When political activist Ken Karayeske asked UConn's Jim Calhoun about his status as the state of Connecticut's top-paid employee during a $2 billion budget deficit Saturday, the Hall of Fame coach offered this advice to his questioner: "Shut up."
Growing more upset, Calhoun, who said he makes "a lot more" than the $1.6 million from the University, repeated three times, "Get some facts and come back and see me."
He also went on to say that the team generates more than $12 million for the state each year.
While Krayeske may soon come out with his own findings, The Boston Globe says, "In its latest filing with the federal government, UConn reported that its men's basketball team raised $7.3 million in revenues, the women's team $5.3 million."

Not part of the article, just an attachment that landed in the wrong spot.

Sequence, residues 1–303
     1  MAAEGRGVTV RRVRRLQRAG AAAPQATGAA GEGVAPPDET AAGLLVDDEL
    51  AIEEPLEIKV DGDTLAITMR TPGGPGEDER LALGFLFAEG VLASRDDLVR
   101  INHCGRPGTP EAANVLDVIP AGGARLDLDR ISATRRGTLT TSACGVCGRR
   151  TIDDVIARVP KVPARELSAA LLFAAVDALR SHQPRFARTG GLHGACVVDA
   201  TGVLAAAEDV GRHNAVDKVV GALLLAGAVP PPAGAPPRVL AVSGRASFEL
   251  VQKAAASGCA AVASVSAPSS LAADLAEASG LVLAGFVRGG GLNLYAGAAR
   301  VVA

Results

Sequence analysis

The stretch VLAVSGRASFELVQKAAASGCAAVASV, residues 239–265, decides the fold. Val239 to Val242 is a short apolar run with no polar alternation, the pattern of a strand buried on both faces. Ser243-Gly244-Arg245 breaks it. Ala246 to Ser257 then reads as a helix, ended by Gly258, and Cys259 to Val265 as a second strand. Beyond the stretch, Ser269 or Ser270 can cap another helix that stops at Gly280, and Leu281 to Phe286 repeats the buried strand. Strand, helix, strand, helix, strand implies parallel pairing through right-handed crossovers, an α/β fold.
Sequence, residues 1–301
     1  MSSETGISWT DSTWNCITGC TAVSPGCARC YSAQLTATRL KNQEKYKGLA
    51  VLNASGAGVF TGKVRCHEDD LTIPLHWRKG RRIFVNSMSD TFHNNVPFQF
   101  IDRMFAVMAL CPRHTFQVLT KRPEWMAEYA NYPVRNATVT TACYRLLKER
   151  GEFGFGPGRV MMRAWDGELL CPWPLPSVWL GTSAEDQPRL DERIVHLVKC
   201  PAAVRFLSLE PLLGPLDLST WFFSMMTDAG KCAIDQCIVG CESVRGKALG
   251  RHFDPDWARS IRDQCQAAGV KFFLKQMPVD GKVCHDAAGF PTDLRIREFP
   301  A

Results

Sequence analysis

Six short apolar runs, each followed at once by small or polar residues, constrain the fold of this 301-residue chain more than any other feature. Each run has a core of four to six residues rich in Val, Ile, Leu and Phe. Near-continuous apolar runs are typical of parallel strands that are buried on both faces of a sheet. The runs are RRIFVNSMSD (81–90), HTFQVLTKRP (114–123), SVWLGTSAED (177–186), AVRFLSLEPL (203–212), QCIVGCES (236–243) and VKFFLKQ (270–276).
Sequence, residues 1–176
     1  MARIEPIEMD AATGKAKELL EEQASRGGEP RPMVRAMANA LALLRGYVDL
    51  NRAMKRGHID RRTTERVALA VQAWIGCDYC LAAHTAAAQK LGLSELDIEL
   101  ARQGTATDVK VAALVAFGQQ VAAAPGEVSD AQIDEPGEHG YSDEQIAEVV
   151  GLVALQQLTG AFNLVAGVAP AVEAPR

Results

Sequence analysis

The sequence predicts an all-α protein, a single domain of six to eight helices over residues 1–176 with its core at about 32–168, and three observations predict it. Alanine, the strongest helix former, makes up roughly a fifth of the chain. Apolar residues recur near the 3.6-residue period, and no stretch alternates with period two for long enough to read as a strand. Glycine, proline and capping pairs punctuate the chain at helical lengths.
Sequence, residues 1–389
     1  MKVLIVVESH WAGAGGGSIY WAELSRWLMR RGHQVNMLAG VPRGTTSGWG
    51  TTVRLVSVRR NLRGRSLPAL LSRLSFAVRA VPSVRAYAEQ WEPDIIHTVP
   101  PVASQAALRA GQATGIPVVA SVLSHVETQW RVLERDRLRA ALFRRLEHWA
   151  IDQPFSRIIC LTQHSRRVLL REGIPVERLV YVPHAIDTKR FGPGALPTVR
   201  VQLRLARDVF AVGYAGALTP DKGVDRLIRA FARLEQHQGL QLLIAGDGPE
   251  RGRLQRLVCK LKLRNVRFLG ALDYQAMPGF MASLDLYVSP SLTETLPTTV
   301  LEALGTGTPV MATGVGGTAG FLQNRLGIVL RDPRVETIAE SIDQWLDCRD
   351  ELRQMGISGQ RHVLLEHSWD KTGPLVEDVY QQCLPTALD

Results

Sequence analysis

Whether Calhoun was talking about a combined figure with the women's program is not clear, but what is known is the level of coaches' salaries compared to those of other university employees. The Chronicle for Higher Education released its own analysis of top salaries on campuses, and it shows that many coaches make more than their university's presidents and top faculty members. The numbers relate to private colleges as state institutions are not required to report the information to the IRS.
The Chronicle says that no employee at a private college in America earned more in the 2007 tax year than USC football coach Pete Carroll. According to the IRS filing, he made $4.4 million in total compensation from the school.
As the marketing arm of the university, many schools have translated athletics success into increased admissions, but do coaches deserve to be paid such high salaries? Should they agree to wage cuts in these hard times?
Coaches often top salary list [Boston Globe]
Jim Calhoun defends his salary [NYTimes.com]